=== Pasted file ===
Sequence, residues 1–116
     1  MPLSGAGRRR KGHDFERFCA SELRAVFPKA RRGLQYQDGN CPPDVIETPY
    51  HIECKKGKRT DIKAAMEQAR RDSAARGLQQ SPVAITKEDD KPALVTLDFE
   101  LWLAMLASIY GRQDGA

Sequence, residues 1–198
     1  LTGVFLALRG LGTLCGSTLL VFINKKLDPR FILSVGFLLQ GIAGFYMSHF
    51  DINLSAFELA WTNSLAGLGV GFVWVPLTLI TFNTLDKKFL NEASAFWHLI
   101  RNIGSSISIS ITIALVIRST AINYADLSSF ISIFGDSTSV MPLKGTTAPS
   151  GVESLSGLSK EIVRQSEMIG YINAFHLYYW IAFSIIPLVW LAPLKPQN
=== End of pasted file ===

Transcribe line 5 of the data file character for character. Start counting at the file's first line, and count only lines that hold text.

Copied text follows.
Sequence, residues 1–198